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Ultrasonic 3D Projector Expands Treatment Options

By MedImaging International staff writers
Posted on 05 Nov 2020
A new study shows how ultrasound technology can be used to generate dynamic sound profiles with high resolution and intensity, expanding therapeutic use.

Developed at the University of Stuttgart (Germany) and the Max Planck Institute for Intelligent Systems (MPI-IS; Stuttgart, Germany), the spatial ultrasound modulator (SUM) is designed to flexibly temper 3D ultrasound fields, generating dynamic sound pressure profiles. SUM is based on a small complementary metal-oxide-semiconductor (CMOS) chip, on which hydrogen bubbles are formed by 10,000 electrodes in a thin water film via electrolysis. Each electrode has an edge length of less than a tenth of a millimeter, and can be controlled individually.

Image: Letters of the alphabet generated using modulated sound pressure profiles (Photo courtesy of MPI-IS)
Image: Letters of the alphabet generated using modulated sound pressure profiles (Photo courtesy of MPI-IS)

If an ultrasonic wave is sent through the chip with a transducer, it passes through the chip unhindered. But as soon as it hits the water film with the hydrogen bubbles, it continues to travel only through the liquid, creating a sound pressure profile with cut-outs at the points where the air bubbles are located, similar to a collimator. To form a different sound profile, the hydrogen bubbles are first dissipated away from the chip, which can then be used to generate further gas bubbles in a new pattern.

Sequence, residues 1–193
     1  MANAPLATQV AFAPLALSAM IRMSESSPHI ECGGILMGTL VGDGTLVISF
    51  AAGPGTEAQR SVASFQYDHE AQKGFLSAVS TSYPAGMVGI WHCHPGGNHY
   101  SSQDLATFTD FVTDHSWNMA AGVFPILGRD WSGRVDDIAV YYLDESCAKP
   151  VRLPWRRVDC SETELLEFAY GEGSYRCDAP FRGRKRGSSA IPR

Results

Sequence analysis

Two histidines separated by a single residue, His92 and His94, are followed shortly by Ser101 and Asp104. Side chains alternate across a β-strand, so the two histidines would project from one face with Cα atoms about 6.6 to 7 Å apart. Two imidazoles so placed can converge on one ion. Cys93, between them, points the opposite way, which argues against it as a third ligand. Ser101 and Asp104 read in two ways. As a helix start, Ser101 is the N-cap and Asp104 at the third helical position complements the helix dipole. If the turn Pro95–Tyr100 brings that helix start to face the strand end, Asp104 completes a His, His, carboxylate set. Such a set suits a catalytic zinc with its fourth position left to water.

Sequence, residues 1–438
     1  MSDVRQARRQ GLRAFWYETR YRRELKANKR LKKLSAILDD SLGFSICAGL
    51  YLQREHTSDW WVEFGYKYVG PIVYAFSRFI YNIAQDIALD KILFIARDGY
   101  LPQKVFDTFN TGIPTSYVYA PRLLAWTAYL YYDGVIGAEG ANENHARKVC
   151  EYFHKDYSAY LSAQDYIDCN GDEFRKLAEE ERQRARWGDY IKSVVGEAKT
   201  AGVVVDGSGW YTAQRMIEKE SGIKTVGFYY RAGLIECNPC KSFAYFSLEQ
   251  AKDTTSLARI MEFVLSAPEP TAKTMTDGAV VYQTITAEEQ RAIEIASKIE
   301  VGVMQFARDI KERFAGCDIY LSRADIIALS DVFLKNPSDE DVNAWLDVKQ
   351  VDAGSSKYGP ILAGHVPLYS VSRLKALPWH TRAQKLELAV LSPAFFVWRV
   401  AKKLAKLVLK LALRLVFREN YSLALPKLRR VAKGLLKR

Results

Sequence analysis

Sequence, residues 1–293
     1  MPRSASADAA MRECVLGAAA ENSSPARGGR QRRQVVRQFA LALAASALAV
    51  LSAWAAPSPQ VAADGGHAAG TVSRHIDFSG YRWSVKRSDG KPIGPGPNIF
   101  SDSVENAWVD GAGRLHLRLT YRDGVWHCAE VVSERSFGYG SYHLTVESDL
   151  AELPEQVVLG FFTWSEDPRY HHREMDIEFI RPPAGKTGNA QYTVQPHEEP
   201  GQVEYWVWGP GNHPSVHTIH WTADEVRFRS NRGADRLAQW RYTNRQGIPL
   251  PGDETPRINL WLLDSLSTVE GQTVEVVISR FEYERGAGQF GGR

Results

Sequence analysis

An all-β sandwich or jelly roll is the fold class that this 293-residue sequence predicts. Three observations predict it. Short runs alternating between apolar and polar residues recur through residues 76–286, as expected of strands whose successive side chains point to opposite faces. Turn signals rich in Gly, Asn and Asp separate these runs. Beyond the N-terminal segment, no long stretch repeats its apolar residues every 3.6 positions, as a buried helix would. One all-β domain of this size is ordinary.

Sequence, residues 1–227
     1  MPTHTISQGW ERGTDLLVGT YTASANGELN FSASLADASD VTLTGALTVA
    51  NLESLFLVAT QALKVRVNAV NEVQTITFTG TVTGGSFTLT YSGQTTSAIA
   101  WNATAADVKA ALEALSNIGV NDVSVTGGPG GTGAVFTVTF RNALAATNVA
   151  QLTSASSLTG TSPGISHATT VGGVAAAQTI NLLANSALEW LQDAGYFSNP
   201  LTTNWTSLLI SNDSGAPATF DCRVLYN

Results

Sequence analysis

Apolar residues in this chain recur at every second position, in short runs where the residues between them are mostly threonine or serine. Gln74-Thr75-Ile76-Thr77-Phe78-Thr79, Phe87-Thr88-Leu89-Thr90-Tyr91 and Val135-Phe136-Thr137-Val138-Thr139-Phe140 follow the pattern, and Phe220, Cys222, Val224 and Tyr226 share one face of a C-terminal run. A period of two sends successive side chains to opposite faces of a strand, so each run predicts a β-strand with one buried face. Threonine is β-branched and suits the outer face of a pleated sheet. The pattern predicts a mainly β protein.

To demonstrate how precisely and variably the SUM projector works, the researchers spelled out the alphabet in a series of sound pressure profiles. To make the letters visible, they caught micro-particles in the various sound pressure profiles. Depending on the sound pattern, the particles arranged themselves into the individual letters. A new sound profile can be generated in about 10 seconds. The study was published on September 10, 2020, in Nature Communications.

“Ultrasound is widely used as a diagnostic tool in both medicine and materials science. It can also be used therapeutically. The ultrasound destroys the cancer cells by specific heating of the diseased tissue. In order to avoid damaging healthy tissue, the sound pressure profile must be precisely shaped,” said Professor Peer Fischer, PhD, of MPI-IS and the University of Stuttgart. “Tailoring an intensive ultrasound field to diseased tissue is somewhat more difficult in the brain. This is because the skullcap distorts the sound wave.”

Related Links:
University of Stuttgart
Max Planck Institute for Intelligent Systems



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